By Ria Prasad
August 18th, 2020 marked the end of an era. As Patriot Act host Hasan Minhaj announced the cancellation of his Netflix comedy series, fans all across the world felt a void take shape in their Netflix queues. Like many, Hasan Minhaj’s Patriot Act was a source of serotonin for me. I too, like many of Minhaj’s other fans, thought that the Patriot Act shaped space in my heart would fill up soon, but here I am almost four months later with what feels like a fresh wound that is never going to heal. From the outside, it may seem like a rather dramatic reaction to what is just another victim of Netflix’s mass cancellation of shows, but it feels a lot more personal than that. In the last few months I have browsed and waited for another show to come along to fill the absence of Patriot Act. Much to my despair, I’ve become almost positive that no show will ever compare. Aside from making Minhaj an even larger global sensation, Patriot Act was one of the greatest of its time, redefining the heights of news, representation, and political comedy.
Digestible News Redefined
Perhaps the most universal appeal of the show was the way Minhaj’s team crafted their episodes. From taking complex concepts such as drug pricing or the global oil crisis and explaining them through pop culture references to the FX team’s vivid and mesmerizing display of graphics on stage, the show in itself felt like a luxury experience. Not only did Patriot Act redefine the way news was presented, but the person who was delivering it- for the very first time- looked like me. Mainstream news outlets are still predominantly run by caucasians with very few people of color, most of which are Latinx and African Americans. Rarely does one ever see an Indian or Muslim American on news channels or in the political comedy space.
The peak of Indian-Muslim American representation in mainstream media
Minhaj brought to the stage, what to me was, the most dimensional South Asian representation in mainstream media. As a proud member of the diaspora, I have never been satisfied with the way first generation Indian Americans are portrayed in movies and TV. Over the last few years Netflix has tried to increase the number of South Asian faces we see in our Netflix queues by coming out with originals such as Never Have I Ever and Indian Matchmaking. However, I’ve come to resent their well-intentioned attempts. There always seems to be a white-wash filter over the Indian American characters they put forth. While every South Asian experience is different, mainstream media has only portrayed Indians in two ways: The Mindy Kalings and Devi Vishwakumars, or the fresh off the boat Rajesh from Big Bang Theory type of characters. None of these characters have been “just right” for me. Minhaj however, not bound by the role of a scripted character, was the most authentic. His anecdotes about the tendencies of an immigrant dad and casual Bollywood references mixed in with his love for old school rap and basketball were unusually comforting, and validated my experience as a first generation Indian American.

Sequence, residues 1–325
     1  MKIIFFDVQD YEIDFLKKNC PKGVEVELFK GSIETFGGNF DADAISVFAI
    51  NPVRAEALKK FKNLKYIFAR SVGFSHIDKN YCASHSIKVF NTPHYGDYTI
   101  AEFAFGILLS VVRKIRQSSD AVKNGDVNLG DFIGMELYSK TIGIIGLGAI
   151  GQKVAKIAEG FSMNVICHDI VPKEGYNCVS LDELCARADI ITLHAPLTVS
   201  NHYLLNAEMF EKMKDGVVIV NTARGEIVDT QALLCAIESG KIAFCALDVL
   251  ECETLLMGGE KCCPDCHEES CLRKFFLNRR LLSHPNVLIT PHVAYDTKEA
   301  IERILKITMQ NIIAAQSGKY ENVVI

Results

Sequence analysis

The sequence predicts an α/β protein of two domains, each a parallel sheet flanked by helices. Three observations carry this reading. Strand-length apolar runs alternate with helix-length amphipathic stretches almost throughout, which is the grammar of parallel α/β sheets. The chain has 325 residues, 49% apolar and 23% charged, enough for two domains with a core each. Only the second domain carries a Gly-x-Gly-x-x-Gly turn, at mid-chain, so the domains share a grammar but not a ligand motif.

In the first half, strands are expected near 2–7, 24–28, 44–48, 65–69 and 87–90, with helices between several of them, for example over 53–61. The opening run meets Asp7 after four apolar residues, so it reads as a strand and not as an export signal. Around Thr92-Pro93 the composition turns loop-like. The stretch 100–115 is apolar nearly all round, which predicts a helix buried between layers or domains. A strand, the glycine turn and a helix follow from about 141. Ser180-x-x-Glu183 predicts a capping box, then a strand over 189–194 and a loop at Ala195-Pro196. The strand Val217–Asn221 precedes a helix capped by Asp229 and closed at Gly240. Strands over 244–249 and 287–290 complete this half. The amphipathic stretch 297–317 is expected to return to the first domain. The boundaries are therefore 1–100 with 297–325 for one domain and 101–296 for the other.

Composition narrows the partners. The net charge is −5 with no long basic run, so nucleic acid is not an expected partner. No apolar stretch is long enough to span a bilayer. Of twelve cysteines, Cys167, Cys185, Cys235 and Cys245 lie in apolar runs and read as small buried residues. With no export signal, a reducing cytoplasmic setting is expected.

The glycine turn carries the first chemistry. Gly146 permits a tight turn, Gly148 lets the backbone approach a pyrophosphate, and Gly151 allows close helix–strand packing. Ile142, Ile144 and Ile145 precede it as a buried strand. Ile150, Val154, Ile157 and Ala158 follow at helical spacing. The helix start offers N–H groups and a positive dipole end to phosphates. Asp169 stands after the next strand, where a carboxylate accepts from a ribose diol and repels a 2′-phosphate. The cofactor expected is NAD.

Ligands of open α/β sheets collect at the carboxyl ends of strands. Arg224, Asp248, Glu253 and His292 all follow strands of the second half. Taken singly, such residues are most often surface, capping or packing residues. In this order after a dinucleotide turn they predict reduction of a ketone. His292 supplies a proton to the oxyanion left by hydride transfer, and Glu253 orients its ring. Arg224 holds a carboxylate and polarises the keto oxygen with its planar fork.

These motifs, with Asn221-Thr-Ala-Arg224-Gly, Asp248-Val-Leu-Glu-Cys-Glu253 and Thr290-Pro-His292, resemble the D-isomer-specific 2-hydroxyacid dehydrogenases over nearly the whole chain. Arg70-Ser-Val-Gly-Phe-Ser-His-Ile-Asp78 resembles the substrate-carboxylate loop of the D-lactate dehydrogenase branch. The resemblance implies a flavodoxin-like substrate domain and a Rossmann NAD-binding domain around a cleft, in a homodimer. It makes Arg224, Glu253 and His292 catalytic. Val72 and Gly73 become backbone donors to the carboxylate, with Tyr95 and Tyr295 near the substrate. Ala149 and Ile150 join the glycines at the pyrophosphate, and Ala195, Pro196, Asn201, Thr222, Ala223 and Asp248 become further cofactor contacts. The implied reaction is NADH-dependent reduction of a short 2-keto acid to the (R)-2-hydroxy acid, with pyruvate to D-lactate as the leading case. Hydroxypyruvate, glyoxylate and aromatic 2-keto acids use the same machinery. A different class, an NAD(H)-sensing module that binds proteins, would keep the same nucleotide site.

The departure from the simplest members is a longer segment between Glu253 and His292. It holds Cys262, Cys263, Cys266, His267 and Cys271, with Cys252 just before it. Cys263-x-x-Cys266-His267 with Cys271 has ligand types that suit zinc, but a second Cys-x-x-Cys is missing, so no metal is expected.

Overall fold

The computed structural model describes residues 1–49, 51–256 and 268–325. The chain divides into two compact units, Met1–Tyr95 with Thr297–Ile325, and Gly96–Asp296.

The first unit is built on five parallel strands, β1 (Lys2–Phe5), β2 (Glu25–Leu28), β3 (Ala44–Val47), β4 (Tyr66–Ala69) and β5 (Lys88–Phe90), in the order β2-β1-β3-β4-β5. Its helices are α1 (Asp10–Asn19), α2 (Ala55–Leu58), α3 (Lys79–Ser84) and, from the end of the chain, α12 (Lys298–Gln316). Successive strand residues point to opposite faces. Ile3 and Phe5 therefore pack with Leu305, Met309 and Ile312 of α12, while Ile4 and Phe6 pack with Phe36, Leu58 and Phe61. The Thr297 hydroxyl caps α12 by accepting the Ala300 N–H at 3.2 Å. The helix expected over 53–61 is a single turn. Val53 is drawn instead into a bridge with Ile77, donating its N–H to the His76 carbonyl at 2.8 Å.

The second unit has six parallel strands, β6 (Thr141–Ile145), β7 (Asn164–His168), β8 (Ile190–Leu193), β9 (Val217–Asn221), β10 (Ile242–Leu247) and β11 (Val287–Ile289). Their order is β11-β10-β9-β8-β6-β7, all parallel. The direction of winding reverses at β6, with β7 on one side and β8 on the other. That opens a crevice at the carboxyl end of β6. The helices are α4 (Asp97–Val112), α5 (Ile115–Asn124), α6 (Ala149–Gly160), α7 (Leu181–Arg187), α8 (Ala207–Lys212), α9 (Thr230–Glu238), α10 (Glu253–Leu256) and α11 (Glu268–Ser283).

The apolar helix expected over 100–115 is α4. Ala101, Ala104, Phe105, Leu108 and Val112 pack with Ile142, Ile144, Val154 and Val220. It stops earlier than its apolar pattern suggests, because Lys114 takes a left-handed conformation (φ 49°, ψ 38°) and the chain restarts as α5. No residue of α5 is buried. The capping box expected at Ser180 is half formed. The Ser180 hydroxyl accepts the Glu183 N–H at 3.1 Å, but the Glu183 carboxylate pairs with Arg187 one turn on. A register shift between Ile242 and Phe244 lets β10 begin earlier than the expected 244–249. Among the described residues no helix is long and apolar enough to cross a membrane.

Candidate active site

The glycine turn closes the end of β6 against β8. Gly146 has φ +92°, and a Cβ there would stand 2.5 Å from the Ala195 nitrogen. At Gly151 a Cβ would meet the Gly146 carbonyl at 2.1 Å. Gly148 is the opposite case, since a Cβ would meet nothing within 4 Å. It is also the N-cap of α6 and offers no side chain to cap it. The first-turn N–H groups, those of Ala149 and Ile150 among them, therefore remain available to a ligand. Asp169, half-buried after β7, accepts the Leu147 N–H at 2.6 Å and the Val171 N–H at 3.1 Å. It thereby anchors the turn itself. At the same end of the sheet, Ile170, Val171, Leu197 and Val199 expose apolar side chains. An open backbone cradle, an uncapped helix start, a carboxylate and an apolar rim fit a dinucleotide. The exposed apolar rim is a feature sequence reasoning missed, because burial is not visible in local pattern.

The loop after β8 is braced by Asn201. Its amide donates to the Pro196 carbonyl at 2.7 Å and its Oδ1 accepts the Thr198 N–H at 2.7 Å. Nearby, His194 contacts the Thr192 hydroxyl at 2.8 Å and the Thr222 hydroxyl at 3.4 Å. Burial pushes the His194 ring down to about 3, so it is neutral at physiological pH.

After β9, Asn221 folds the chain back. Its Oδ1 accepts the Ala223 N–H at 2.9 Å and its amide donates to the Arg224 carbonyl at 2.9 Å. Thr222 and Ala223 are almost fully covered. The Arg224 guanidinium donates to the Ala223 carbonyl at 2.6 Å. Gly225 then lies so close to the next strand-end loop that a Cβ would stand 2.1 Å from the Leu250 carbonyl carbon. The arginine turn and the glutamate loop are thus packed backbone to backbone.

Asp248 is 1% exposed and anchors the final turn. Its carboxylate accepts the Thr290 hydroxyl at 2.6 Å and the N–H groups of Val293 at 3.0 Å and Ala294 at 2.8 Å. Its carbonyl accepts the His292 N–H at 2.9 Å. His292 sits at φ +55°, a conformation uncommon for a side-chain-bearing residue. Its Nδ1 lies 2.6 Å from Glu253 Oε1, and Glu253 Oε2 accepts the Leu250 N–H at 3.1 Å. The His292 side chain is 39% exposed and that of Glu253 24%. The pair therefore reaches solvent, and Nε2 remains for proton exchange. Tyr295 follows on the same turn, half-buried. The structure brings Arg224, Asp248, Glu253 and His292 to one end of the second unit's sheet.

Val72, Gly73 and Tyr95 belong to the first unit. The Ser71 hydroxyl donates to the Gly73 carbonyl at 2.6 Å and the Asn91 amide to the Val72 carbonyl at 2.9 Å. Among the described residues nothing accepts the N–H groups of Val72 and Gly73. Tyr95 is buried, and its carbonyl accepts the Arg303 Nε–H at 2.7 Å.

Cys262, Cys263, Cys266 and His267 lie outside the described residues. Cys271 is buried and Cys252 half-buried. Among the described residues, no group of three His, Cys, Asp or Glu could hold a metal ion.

A new role model
At a more personal level, Minhaj’s work was a stimulus for change in the brown community. The show’s episode titled “We Cannot Stay Silent About George Floyd ” takes direct shots at the microaggressions within the South Asian community, referencing colorism and model minority behavior from many adults. The entire episode felt all too familiar. In Hasan’s sheer rage and frustration on screen, I saw what was bottled up inside me. While episodes like the BLM one were especially empowering, others, such as “Indian Elections,” served as an eye opener. Until the release of that episode, I prided myself in my knowledge of Indian politics, but to my surprise Minhaj drew parallels between India’s beloved Prime Minister Narendra Modi and American President Donald Trump. Growing up in a household that very much reveres the Prime Minister of India, the episode was my first look at Modi in a negative light. Over time the show has not only exposed me to new topics, but has also reshaped my existing perspectives on topics in which I thought I was well-versed.
While Minhaj moves on to bigger and better projects such as his own shoe line with Cole Haan or his new role on The Morning Show, I think it’s safe to say that his work on Patriot Act was one of a kind. There’s always going to be this sense of despair knowing that there may never be another show of its breed, but there’s also a newfound sense of anticipation for what the future of political comedy holds now that the bar has been raised so high.